A few blocks down from Munich’s Hauptbahnhof, the central train station, wedged between two strip clubs in the city’s Turkish district, sits one of the world’s best boxing bars. The Sport-Café Schiller is a must-stop for any fan of the sweet science traveling through Bavaria.
Most bars that set out to have a boxing theme rarely get it right. Some try too hard in the beginning and end up being a trendy gastro-pub with a few boxing photos and posters on the wall. Others try to create neighborhood bar atmosphere, which results in a set-up that is as uncomfortable to outsiders as the bartenders’ demeanor.
No, the best boxing bars seem to slowly find their way as Sport-Café Schiller did. In 1989, Andrea Lang and her life partner, the legendary German wrestler Hans Fretz, bought Schiller-Espresso. The tavern was just another a pub near the train station and at first, so was Café Schiller, with mirrors, a few pictures and potted palm trees.
Fretz had great relationships with athletes across the world and an ample amount of sports memorabilia in his home, much of it having to do with boxing. He began placing it in his bar and the Sport-Café Schiller was born. Over the years, numerous athletes have visited and donated more items.
Today, Sport-Café Schiller accomplishes something few pubs have been able to do, create a wonderful sports bar with a neighborhood feel. The fact that it has a boxing theme is icing on the cake.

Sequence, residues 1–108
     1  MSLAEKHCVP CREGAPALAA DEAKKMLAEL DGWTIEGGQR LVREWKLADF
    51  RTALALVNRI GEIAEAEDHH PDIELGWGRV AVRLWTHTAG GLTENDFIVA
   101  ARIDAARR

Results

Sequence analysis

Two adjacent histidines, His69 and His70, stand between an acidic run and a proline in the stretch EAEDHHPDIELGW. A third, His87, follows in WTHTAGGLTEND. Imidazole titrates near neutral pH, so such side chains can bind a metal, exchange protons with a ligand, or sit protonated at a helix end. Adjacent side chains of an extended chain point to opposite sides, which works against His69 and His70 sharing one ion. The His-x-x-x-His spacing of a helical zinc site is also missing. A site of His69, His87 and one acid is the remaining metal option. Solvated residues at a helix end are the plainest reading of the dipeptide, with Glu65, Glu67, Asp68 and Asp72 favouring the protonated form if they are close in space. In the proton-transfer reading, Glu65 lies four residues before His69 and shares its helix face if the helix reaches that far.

When you enter, you are immediately met with posters of the great fights of the past 80 years. However, you also see some of the less-remembered bouts, including Evander Holyfield/Larry Holmes and George Foreman/Gerry Cooney. In between the posters are framed classic copies of The Ring and photos and memorabilia autographed by a “Who’s Who” of fighters. Two items that stand out are one of Rocky Marciano’s championship belts and an International Boxing Hall of Fame robe autographed by numerous greats no longer with us, including Willie Pep and Kid Gavilán.
Sport-Café Schiller also meets two requirements of any boxing bar in Germany. First, it offers a good portion of its wall space to Muhammad Ali, including numerous posters of his fights, ring gear and photos of “The Greatest” and Fretz. Former heavyweight champion Max Schmeling also receives a great deal of exposure, the most prized possession being a few of his championship belts.
Fretz died of an aneurysm in 2001, but Lang has continued on with the Sport-Café Schiller. If you are in Munich, you will not regret stopping at Schiller Strasse 3 for a liter of beer and a dose of boxing history.